God gave me a powerful Psalm this morning.
It wasn’t the first time I had been given this text, and as I heard the familiar words playing themselves out in my mind, my thoughts went back to that day, over 40 years ago, when God first spoke to me through this Psalm…
I was in Grade 12, and as an elective, I had taken Wilderness Survival. One of the course requirements was a survival trip — a trip into the wilderness with nothing but a basic First Aid kit, a coat, a compass, a small pot for boiling water, a firestarter kit, and some fishing line, — and one of the requirements of the survival trip was to spend one night solo.
And so it was that I found myself all alone, curled around a small fire built up against the face of a large rock, trying to stay warm through the very long hours of that seemingly-endless night. Needless to say, sleep didn’t come. Every rustle of the breeze set my heart to beating faster, and it wasn’t long before I was jumping at the tiniest sound.
As I was attending a Christian school, our instructor had also allowed us to take a small Bible along with us, and one of the requirements of the survival trip was to memorize Ps. 121. To date, there had always something more important to do on the trip — things like scrounging for anything edible, etc. — and I hadn’t taken the time to even look up the text; but on that long, dark and cold night, I found myself pulling out my Bible and thumbing to Ps. 121:
“I lift up my eyes to the mountains–
where does my help come from?
My help comes from the LORD,
the Maker of heaven and earth.
He will not let your foot slip–
he who watches over you will not slumber;
indeed, he who watches over Israel
will neither slumber nor sleep.
The LORD watches over you–
the LORD is your shade at your right hand;
the sun will not harm you by day,
nor the moon by night.
The LORD will keep you from all harm–
he will watch over your life;
the LORD will watch over your coming and going
both now and forevermore.” (Ps. 121 NIV)
I’m not sure if there would have been a better text for our instructor to ask us to memorize, for the words were exactly what my terrified mind needed to meditate upon. It was, perhaps, one of the first times in my life that I actually experienced the joy and peace that can come only from the presence of God.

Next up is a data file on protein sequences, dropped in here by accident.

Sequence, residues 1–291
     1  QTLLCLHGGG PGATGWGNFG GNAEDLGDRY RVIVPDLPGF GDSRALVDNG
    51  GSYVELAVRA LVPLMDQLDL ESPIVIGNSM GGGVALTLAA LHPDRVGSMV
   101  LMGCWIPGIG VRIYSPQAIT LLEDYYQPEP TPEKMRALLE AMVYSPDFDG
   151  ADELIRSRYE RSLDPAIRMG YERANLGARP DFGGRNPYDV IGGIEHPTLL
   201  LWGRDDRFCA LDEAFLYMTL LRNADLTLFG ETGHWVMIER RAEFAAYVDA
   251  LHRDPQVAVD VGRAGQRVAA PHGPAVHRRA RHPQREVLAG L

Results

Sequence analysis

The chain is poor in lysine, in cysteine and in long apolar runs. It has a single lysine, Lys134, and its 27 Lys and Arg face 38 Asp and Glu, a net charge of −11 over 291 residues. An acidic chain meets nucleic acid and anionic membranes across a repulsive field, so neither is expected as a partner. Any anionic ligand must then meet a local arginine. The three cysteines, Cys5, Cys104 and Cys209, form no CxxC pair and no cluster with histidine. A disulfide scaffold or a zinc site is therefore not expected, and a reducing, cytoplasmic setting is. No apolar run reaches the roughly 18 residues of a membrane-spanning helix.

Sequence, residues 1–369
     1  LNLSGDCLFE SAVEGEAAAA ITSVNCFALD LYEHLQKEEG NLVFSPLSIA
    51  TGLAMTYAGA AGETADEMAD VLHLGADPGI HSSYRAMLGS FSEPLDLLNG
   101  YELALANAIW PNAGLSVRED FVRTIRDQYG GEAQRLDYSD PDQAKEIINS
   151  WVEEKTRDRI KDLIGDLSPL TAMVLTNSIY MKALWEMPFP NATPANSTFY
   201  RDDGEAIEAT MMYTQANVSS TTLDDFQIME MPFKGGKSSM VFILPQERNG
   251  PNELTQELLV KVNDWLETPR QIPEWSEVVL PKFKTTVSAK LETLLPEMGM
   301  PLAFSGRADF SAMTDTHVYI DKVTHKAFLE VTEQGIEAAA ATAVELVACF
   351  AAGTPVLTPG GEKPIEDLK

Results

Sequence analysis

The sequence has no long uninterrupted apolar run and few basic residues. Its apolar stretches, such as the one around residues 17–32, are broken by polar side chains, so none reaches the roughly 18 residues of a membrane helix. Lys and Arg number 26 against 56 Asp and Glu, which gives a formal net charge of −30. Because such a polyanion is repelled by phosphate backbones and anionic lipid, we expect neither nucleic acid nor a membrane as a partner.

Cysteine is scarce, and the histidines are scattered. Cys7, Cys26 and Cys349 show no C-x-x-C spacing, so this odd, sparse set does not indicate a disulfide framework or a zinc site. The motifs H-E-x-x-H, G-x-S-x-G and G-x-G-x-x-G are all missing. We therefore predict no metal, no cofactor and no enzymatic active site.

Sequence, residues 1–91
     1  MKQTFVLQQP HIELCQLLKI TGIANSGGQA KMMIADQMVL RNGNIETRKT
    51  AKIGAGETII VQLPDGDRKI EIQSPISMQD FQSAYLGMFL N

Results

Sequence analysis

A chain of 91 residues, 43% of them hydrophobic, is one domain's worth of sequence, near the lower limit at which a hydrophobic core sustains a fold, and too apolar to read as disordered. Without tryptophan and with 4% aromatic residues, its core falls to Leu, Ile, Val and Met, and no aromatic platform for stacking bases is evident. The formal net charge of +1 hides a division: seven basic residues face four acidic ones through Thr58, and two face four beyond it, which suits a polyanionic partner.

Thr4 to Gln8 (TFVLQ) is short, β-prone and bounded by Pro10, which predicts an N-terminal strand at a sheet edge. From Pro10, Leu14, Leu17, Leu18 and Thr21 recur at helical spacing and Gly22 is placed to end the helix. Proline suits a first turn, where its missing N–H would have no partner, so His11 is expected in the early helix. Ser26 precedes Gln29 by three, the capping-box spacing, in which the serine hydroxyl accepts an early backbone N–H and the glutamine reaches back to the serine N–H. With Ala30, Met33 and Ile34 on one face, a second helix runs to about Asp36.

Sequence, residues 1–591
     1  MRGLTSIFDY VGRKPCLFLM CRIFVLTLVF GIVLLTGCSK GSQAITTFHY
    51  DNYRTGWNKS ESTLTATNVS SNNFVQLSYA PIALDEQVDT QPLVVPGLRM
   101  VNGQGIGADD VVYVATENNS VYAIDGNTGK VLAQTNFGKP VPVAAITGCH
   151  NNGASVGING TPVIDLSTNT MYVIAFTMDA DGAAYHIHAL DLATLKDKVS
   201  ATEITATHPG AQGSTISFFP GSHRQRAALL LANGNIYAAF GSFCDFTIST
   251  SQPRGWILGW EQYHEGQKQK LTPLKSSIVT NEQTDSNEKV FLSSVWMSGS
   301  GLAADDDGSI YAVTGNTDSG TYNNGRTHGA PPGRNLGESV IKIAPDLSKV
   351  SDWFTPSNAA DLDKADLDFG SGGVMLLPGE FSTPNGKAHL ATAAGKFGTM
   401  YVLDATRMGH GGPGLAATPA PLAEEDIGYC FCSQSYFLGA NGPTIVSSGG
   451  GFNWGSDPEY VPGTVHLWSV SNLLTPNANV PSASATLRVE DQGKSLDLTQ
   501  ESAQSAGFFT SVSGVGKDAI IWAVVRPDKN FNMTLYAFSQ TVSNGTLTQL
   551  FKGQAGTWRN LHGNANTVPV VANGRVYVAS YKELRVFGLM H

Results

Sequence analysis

As the years have passed, I have experienced God many more times. Nonetheless, I am still tempted to be afraid, to become stressed, to be anxious, each and every time things don’t go the way I expect them to. This morning was no different, and when God reminded me of that text, it once again had its desired effect: I don’t know what today or tomorrow will bring, but I know that the God of the universe holds me in the palm of His hand, and I have absolutely nothing to fear.
As I sit here typing this devotional, however, there is one phrase that jumps out at me like never before: “I lift up my eyes…”
All these years I’ve read into this psalm all the wonderful protection God gives me; yet I’ve always missed the message of the very first line, the message that says I have to do something: I have to lift up my eyes!
Is this why I so easily forget? Is this why the worries and stresses and fears continue to plague me day in and day out? Is it because I do not lift up my eyes?
Father God, help me to remember to “lift up my eyes” to You at ALL times! That is my responsibility, and when I do so, You are faithful to fulfill the rest of the promises: You will never leave me or forsake me; You will never slumber or sleep; You will be my shade and shelter, and no harm will come to me; You will watch over my life; and You will watch over my coming and going forever…Thank You, Father! In the mighty and powerful name of Jesus, Amen.
In His love,
Lynona Gordon Chaffart, Speech-Language Pathologist, mother of two, Author — “Aboard God’s Train — A Journey With God Through the Valley of Cancer”, Author and Moderator for The Nugget, a tri-weekly internet newsletter, and Scriptural Nuggets, a website devoted to Christian devotionals and inspirational poems, with Answers2Prayer Ministries. Follow Lyn on Twitter @lynchaffart.